This is the true story... of seven strangers... picked to live in a house...work together and have their lives taped... to find out what happens... when people stop being polite... and start getting real...

The Real World was – and continues to be – a popular television show, and its influence is far greater than its core MTV viewing audience. Through its collection of diverse personalities and with a willingness to address controversial social issues, when The Real World first aired in May of 1992 it started what many would describe as our modern-day reality TV phenomenon. In doing so, not only did The Real World spark a new entertainment genre, but its impact was far greater, for it helped blur the lines between authentic and artificial. In other words, one can argue that The Real World sparked an ongoing transformation of what we perceive as real in our world.

As is the case with other reality TV shows, The Real World has received numerous allegations of being simulated and/or staged. Due to such accusations, some viewers are not convinced that The Real World is fully real. In addition, some accuse MTV of shoddy and selective editorial choices that take events out of context, and as a result give false impressions of what actually occurred in real time. And of course, some perceive the very concept of The Real World as a grand misnomer, for in the real world people do not live like those in The Real World, as few people in our world can claim to live in cost-free luxurious dwellings in awesome cities under the watchful eye of camera crews who broadcast their daily actions for millions of viewers to see and scrutinize. For many, The Real World does not seem real at all.

While the various criticisms of The Real World (and other so-called “reality-based” shows) are indeed valid, what is striking is that such questions surrounding what is “real” can also be directed at our own perceptions of reality.

Similar to the criticisms often directed at producers of reality-based TV, we in the general public often “edit” our intake of public information based upon a wide variety of personal choices, public influences, and political agendas.  However, all too often we fail to recognize the various influences that we allow to shape our perceptions, and in doing so, we too often assume that our views of reality are universal or superior. As a result, when we view our personal perceptions as common sense or unanimous, we tend to judge alternatives not merely as different, but simply wrong. And so, one of the keys attributes toward the pursuit of common good in our real world is recognizing the countless public influences that shape our personal views of reality. For example, as each person is shaped every day by (among other things) public influences and political agendas, some important questions to consider are: “Who are my closest friends and colleagues, how do I spend the majority of my time and money, where do I receive my information and entertainment, and what are the values and priorities that my elected leaders try to promote through their policy implementation and proposals?” While there are many more questions to consider, within such inquires we find the keys to unlocking a more faithful awareness of the influences that shape our deep-seeded views of God’s real world.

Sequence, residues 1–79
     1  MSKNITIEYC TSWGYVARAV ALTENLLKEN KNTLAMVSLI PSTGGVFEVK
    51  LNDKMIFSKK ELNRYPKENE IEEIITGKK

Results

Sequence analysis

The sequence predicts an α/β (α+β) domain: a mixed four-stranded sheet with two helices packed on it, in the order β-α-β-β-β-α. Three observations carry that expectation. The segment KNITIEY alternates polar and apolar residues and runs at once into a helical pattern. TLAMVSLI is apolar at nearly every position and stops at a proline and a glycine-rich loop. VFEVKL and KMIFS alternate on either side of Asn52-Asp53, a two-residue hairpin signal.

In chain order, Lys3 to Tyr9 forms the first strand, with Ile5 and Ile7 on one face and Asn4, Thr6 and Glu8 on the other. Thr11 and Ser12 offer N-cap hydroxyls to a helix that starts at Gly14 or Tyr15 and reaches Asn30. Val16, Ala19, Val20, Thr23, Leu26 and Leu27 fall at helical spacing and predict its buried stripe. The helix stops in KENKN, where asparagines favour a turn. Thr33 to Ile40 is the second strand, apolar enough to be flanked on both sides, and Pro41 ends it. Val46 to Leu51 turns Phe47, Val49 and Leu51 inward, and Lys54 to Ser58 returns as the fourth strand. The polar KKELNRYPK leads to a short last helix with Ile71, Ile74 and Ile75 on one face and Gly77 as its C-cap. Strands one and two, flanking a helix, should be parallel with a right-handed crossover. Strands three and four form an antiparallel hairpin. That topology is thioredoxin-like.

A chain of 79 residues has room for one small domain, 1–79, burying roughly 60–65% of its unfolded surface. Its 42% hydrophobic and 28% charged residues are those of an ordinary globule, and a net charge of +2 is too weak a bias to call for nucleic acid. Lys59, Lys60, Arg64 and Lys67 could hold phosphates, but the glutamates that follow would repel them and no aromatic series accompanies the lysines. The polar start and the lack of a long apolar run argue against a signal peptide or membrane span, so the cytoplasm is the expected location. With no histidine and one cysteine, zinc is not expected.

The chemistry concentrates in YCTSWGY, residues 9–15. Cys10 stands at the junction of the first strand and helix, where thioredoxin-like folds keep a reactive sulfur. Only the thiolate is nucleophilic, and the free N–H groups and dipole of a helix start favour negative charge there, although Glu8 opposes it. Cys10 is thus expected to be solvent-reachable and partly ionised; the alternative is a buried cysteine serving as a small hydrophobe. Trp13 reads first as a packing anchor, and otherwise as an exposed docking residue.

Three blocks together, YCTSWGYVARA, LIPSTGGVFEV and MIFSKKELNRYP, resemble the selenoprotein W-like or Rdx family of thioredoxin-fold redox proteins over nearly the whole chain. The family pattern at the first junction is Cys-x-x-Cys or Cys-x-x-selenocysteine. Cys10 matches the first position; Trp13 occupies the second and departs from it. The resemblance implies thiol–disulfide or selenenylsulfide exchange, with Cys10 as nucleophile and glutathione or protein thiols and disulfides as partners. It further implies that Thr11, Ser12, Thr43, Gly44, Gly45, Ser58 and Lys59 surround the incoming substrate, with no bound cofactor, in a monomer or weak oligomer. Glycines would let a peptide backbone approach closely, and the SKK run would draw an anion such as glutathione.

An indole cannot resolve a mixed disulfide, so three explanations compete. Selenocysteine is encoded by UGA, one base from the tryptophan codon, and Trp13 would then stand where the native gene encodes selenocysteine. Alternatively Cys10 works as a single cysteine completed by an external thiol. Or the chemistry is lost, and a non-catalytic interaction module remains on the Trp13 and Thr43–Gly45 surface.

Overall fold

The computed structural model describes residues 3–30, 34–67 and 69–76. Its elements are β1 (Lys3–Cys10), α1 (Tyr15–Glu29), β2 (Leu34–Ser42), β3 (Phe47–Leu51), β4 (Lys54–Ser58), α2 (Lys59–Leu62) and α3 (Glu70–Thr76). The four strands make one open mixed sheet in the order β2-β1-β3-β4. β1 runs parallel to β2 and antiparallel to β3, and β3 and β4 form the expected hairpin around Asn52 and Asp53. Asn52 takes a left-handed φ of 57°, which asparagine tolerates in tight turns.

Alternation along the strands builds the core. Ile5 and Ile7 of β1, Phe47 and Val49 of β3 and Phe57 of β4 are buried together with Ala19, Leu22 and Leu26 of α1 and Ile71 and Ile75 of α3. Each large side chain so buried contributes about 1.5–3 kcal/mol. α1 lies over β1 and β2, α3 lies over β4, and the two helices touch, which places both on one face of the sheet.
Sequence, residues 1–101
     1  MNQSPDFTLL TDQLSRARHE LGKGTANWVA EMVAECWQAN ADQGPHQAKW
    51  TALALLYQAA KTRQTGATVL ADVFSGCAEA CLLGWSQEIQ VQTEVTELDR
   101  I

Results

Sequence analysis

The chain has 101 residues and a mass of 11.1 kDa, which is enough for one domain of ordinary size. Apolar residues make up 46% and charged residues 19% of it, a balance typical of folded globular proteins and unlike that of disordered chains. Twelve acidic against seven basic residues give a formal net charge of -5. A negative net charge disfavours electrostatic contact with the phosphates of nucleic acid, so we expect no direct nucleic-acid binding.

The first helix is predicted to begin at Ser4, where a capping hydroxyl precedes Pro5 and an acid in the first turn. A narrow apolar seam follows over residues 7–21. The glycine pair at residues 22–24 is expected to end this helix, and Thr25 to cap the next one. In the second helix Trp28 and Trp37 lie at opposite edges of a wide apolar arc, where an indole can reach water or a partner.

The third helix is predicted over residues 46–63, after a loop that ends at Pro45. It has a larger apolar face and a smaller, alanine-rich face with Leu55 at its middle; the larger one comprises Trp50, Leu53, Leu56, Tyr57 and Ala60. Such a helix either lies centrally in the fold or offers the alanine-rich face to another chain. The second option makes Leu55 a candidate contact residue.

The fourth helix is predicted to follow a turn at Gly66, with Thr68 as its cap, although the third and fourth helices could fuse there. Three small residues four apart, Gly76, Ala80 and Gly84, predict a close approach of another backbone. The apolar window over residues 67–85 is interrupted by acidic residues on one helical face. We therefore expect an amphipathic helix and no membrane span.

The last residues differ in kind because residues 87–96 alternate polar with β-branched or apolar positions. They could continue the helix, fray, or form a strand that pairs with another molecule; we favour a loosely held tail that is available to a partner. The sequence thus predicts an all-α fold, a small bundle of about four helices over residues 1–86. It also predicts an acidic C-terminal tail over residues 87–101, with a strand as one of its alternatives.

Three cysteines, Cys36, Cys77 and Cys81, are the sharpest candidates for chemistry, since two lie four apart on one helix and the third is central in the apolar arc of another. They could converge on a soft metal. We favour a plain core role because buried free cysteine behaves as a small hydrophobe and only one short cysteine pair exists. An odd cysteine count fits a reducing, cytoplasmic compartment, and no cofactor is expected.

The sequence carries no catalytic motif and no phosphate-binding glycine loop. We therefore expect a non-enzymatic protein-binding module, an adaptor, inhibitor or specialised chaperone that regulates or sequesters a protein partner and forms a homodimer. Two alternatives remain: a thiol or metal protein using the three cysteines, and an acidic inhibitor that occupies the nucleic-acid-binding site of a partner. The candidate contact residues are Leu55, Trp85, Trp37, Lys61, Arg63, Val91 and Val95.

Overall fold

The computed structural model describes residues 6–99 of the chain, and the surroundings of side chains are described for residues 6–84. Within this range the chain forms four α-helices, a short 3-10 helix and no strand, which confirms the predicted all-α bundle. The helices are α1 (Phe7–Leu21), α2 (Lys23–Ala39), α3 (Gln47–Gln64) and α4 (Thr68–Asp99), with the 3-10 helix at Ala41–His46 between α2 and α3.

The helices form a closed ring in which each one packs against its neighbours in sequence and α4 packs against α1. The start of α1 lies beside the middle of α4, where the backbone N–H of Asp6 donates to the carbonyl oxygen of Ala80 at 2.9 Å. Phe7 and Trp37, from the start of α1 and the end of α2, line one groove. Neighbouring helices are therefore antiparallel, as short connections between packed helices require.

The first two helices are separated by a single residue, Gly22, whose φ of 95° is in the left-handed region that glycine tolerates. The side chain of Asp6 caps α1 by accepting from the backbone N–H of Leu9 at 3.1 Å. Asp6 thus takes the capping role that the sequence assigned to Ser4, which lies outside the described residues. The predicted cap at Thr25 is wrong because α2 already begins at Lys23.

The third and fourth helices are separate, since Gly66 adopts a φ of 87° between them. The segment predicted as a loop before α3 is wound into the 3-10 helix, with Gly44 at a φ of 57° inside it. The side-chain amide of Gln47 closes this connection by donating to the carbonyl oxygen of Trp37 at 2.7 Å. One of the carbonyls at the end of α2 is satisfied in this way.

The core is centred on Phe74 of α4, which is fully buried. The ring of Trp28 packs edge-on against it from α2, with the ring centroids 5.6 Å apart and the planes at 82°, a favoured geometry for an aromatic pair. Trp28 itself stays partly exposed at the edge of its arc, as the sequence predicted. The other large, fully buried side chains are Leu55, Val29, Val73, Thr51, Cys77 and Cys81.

In response to the above questions, one of the striking characteristics of our modern existence is that while technology allows for countless local, national, and international connections, far too many people seem to be increasingly isolated from alternative points of view. Instead of exploring the mass diversity of beliefs and opinions that fill our human community, an alarming amount of citizens would rather use the tools at our disposal to close-in upon a narrow view and grip-on to that which is most common or comfortable. And so, perhaps the time is upon us to open our hearts and minds to the possibility that what we perceive as real in our world may not be the full story, but that which we often experience each day is more like watching The Real World, for our personal observations are often more like an edited view of God’s larger and more complex narrative. As a result, instead of trying to sink deeper into a limited and incomplete concept of reality, we should find joy and excitement in looking beyond our comfortable information sources, and instead seek alternatives views, new understanding, and as a result, fresh and multifaceted concepts of diverse realities in our world. In doing so, instead of labeling that which is different as wrong, we will find that which is different is often an important piece of God’s global narrative.

In order to search for the real world in which God intends for us, the key may be to begin with an embrace of alternative perceptions, and by doing so, allow God to work within the interaction of ideas, shape new perceptions, and thus create new and faithful realities. In order to search for such a real world, we can embrace unity instead of uniformity, grow more aware of the influences that shape us, and as a result, learn to understand those whose perceptions may be different from our own.  The results of such a search can help us to embrace the full story of what God has done, is doing to, and will continue to do through our lives, and thus produce a real world in which real reconciliation and real transformation is our remarkable reality.